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Morning Edition
Friday, March 19, 2010

Minnesota Public Radio Stories

National Public Radio Stories

  • Toyota Deals Get Customers Back To Showrooms
    Thanks to specials like zero percent financing and price cuts, Toyota sales have risen sharply. A recent dealer survey finds that so far this month, Toyota has regained the same market share of sales it had before the gas pedal recall.
  • Runaway Cars: Driver Error Or Car Malfunction?
    The problems with Toyota's gas pedals have been front page news for weeks now, but what about the people in front of the pedals? Earlier studies have found that the majority of car-surging incidents were actually the fault of the driver. But the recent problems with cars continuing to accelerate haven't been studied yet.
  • Exploring The Taliban's Complex, Shadowy Finances
    Western nations have long criticized Afghanistan's failure to curtail opium production, a main source of income for the Taliban. But counterterrorism officials say the problem is far more complex than just drug money, including diverted charity payments and "protection money" from convoys seeking to resupply U.S. forces in Afghanistan.
  • FDA Restricts Marketing Tobacco To Youth
    The FDA has issued the first regulations since Congress gave the agency power to regulate tobacco. The regulations clamp down on the marketing of cigarettes to children and teenagers. The new rules prohibit a number of ad strategies like giving way hats and T-shirts with tobacco logos. Plus, no more selling of cigarettes in certain vending machines where kids can get at them.
  • Undecided Lawmakers Targeted For Their Health Vote
    On Capitol Hill, a few dozen House members are trying to decide how to vote on health care — while hundreds of advocates and thousands of e-mails are trying to sway them one way or the other. The House is expected to vote on its health care overhaul legislation on Sunday.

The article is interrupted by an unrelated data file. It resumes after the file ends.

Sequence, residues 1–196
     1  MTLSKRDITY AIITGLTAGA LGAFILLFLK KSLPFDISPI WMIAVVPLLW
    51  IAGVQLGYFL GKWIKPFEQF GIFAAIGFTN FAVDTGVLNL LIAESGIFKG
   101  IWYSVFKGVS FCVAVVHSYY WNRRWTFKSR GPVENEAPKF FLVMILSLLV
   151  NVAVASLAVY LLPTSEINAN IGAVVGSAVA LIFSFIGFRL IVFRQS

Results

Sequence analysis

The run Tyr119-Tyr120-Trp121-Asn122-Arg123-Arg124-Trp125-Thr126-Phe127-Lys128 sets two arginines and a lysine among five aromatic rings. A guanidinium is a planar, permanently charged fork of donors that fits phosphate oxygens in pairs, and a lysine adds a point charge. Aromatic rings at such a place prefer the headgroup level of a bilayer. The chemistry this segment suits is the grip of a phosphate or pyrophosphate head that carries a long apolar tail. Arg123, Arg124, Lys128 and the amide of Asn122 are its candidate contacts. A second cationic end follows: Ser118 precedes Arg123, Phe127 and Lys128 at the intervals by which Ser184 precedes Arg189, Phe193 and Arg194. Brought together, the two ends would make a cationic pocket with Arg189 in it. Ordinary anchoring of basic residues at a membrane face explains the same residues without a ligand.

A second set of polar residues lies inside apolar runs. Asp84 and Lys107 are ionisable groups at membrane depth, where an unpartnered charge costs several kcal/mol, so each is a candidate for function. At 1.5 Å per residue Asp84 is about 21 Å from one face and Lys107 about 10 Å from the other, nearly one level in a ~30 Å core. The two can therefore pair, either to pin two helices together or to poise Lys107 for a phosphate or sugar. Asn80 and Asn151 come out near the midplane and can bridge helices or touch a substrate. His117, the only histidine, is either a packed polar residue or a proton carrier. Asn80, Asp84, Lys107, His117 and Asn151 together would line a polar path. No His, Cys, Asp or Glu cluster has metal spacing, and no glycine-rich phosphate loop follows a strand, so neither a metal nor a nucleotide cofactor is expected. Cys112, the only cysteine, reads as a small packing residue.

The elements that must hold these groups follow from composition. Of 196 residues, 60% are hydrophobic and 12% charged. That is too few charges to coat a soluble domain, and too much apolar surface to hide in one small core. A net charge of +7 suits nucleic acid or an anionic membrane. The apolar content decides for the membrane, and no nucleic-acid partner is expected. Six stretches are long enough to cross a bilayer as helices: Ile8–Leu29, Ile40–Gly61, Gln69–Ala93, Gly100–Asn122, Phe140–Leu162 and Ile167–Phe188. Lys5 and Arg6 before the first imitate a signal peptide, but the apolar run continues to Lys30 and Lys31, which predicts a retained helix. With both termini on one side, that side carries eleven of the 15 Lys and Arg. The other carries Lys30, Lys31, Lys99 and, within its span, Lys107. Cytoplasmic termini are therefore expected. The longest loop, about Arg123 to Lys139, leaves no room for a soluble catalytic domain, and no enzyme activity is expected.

• Thousands To Rally For Immigration Overhaul
    Activists are arriving in Washington D.C. for this weekend's rally to push for an overhaul of immigration laws. Arizona has some of the toughest laws in the nation targeting illegal immigrants. Churches and advocacy groups from the state are sending delegates to Washington to march for changes at the federal level.
  • Universal Music To Test Lower Price Of CDs
    The world's largest music company is lowering the price of CDs. Universal Music is rolling out a test to see whether a $10 price ceiling will encourage consumers to buy more compact discs. Over the last decade, CD sales have dropped by more than half.
  • Austinites Angle For A Piece Of SXSW Cash Cow
    The South by Southwest music festival bills itself as "the premier destination for discovery." It's also the destination for truckloads of cash, as music and art fans flock to Austin, Texas, each March. Last year's event brought nearly $100 million to the city, according to one analyst.
  • Will The Real 'Music City' USA Please Stand Up
    While the music festival South by Southwest attracts thousands of industry types to Austin, Texas, other locales are trying to make sure the host city doesn't get too much credit as being the "music city." Places like Nashville, Seattle and even the state of Louisiana have sent contingents to Austin to promote their own ties to music.
  • Billionaire Investor Wannabe Rock Star?
    Warren Buffett can be seen in a video dressed and singing like Axel Rose of Guns and Roses. The video was made by employees of Buffett's car insurance company Geico. Every year Geico workers put together a music video for their annual meeting. They told Time magazine that this year they wanted to come up with the most "ridiculous" outfit they could think up for their billionaire owner.

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